World's longest pedestrian suspension bridge opens in Switzerland, looks terrifying

Thrill seekers take notice: Over the weekend, the world's longest suspension bridge for pedestrians was opened to the public.

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Measuring 1,621 feet long, the Charles Kuonen Suspension Bridge (named after the bridge's biggest sponsor) is located in southern Switzerland, mere miles from the Italian border. The structure — which connects the two mountain towns of Grächen and Zermatt — allows hikers and adrenaline junkies alike to appreciate the grandness of the Bernese Alps (a portion of the Swiss Alps) like never before.

The deck of the bridge is see-through, allowing visitors the opportunity to peer straight down into the valley below. If that level of depth is too unsettling for some, the world famous Matterhorn mountain is perfectly placed in the distance for viewing. The bridge is just over two feet wide, which means visitors can only walk in a single-file line. It's estimated that the trek from one side to the other takes about ten minutes in total.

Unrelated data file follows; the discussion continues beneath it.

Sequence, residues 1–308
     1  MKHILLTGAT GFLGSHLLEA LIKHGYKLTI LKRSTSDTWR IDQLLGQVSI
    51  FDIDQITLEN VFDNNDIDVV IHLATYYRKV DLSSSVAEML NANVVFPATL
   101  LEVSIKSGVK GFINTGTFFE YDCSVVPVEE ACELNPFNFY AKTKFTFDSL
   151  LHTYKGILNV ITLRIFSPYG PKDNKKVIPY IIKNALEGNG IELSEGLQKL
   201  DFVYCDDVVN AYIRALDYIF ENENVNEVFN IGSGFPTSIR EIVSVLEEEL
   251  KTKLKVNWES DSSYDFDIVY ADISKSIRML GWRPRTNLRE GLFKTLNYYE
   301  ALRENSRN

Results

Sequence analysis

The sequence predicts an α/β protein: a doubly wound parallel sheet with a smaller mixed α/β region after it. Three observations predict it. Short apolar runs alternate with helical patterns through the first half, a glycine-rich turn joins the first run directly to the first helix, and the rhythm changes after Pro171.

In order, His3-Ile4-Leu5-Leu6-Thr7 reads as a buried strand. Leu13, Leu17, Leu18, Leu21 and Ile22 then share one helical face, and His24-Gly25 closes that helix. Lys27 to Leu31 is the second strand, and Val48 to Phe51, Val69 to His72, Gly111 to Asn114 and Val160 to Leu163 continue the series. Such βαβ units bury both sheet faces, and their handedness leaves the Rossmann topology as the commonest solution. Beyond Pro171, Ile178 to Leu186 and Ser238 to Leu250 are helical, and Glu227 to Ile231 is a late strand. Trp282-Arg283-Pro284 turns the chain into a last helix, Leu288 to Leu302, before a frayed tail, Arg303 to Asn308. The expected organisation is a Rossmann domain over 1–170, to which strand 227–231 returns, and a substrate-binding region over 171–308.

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The structure was built after the existing bridge was significantly damaged from falling rocks.

According to the Guinness Book of World Records, the Charles Kuonen Suspension Bridge beat out the Kokonoe Yume bridge to take the claim as the world's longest pedestrian bridge. Completed in 2006, the Kokonoe Yume bridge was built in Japan, and spans 1,279 feet, some 342 feet shorter than Switzerland's newest structure.

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And if visitors didn't have enough on their minds while crossing the Charles Kuonen Suspension Bridge, the fact that it only took two and a half months to complete won't help alleviate any concerns.

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The office of tourism in Zermatt has recommended those with a strong fear of heights should not attempt crossing the bridge. (You've been warned.)

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